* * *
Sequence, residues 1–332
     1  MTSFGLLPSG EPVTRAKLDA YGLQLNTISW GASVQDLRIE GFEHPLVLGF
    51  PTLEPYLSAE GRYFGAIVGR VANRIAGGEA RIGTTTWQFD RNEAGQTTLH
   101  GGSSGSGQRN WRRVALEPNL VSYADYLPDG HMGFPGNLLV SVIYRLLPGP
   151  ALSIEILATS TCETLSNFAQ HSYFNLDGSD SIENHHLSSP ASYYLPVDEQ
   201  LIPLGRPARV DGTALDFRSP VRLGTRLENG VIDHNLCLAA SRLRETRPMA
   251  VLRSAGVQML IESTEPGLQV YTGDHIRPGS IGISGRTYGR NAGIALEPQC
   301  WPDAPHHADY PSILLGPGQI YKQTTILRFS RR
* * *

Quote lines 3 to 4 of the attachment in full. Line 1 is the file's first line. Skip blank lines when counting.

    51  PTLEPYLSAE GRYFGAIVGR VANRIAGGEA RIGTTTWQFD RNEAGQTTLH
   101  GGSSGSGQRN WRRVALEPNL VSYADYLPDG HMGFPGNLLV SVIYRLLPGP